You are ultimately responsible for proofing and approving your artwork. Our proof allows you to confirm everything possible before approving the job for print. It’s better to take your time than to rush and miss something important.
So what’s the best way to use your proof once you receive it?
Proofs are easy to check. They’re emailed to you as a PDF, so you can easily view them on the screen or print out a hard copy (sometimes to scale, rather than at full size).
Our best proofing advice is about WHO looks at the proof.
There are two options here. First, have a second person proof the document (different to the person who created the draft). This allows “fresh eyes” to read the content, which makes it easier to spot some more obvious errors that the author could inadvertently overlook — especially as you know what is supposed to be there and your mind skips over an error.
If we have created your artwork for you, that’s great — you are the second person in this scenario and it should make your proofing easier.
If you’re not the second person, and someone else isn’t available, try to WAIT overnight before proofing your artwork. That waiting time can give you that ability to use “fresh eyes” yourself, as the content is not as super-fresh in your mind. You can see what’s there, not just what you think might be there.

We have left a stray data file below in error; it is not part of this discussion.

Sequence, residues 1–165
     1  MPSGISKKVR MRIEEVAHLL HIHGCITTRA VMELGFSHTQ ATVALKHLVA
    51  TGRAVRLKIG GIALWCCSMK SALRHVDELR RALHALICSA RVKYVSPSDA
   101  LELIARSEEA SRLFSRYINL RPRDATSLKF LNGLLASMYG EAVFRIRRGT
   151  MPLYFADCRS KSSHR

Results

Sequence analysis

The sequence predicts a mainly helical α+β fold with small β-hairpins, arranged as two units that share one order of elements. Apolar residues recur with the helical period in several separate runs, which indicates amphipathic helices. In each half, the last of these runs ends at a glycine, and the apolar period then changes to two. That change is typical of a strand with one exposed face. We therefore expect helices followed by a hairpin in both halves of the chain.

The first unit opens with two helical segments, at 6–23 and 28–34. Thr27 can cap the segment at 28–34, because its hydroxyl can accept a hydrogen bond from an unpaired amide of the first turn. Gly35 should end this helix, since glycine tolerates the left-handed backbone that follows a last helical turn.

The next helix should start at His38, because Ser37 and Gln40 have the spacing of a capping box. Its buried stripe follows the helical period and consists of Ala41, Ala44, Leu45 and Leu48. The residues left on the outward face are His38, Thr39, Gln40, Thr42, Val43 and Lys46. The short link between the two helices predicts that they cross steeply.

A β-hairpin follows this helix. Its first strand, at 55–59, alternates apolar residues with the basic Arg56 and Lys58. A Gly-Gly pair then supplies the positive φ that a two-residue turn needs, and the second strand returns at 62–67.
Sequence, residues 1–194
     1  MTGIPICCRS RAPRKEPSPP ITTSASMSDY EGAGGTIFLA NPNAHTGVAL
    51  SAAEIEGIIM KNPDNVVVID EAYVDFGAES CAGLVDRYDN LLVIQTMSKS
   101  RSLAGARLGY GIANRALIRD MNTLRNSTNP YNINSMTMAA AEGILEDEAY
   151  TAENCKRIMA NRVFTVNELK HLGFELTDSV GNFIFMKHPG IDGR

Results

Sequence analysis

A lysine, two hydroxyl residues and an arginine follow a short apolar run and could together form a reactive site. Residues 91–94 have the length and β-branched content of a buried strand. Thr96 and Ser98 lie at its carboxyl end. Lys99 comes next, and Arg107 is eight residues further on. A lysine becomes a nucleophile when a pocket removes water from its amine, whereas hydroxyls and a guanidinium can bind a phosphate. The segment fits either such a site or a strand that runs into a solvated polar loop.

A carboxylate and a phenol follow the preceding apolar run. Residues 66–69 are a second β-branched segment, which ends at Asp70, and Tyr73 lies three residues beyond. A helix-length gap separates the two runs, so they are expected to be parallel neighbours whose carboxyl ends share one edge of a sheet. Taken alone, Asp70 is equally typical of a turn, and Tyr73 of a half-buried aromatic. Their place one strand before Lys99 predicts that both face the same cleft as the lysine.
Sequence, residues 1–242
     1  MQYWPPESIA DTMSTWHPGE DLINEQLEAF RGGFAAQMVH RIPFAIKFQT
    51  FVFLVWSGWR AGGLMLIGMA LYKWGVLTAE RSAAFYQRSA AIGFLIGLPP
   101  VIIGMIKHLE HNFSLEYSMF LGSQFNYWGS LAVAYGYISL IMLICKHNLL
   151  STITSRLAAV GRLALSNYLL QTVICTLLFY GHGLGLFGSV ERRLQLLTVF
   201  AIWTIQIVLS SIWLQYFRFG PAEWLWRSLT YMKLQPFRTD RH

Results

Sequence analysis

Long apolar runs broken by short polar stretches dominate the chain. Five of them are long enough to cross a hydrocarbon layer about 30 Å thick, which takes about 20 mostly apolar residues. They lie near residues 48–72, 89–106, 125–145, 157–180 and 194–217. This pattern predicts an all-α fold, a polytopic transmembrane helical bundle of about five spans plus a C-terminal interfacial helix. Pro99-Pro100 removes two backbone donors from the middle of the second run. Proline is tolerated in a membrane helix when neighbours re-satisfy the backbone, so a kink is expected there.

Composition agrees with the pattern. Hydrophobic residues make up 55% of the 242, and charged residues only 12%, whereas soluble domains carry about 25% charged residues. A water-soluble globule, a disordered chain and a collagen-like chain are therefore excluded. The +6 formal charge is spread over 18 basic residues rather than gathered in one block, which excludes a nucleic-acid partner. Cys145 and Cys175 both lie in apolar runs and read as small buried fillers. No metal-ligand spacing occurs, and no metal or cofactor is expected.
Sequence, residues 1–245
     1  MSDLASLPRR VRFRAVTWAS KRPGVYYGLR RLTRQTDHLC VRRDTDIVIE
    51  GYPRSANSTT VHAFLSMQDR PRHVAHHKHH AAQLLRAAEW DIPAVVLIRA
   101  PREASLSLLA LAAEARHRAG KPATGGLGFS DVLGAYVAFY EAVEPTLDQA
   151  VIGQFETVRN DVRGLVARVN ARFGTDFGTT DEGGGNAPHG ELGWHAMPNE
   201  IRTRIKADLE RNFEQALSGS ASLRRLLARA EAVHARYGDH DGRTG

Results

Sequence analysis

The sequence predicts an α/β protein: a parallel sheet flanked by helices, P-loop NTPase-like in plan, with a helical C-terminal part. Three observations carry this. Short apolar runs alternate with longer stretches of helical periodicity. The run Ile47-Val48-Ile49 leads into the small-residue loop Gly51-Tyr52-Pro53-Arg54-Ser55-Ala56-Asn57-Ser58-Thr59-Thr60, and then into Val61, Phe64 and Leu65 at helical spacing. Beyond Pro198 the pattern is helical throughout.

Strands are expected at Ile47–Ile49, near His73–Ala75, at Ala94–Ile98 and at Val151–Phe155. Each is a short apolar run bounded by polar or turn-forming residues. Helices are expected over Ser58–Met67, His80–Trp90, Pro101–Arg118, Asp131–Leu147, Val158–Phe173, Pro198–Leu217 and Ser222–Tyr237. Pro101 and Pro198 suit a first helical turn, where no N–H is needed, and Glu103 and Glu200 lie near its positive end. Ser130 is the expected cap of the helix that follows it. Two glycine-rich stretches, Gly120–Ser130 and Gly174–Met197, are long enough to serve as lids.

Finally, with text copy, if you don’t have the luxury of another person or an extra day between your draft and proofing, often a good tip is to read your sentences and paragraphs, word-by-word, and backwards, from the end of the paragraph first, as this makes it easier to check every word more slowly, without skipping along too fast.
But proofing is more than just checking the spelling.
Sometimes too, your spell cheque will not find an error, but you may not realise that you are using the wrong word in your sentence. Like “cheque” instead of “check” in the previous sentence. This example is very obvious; many others are easy to overlook.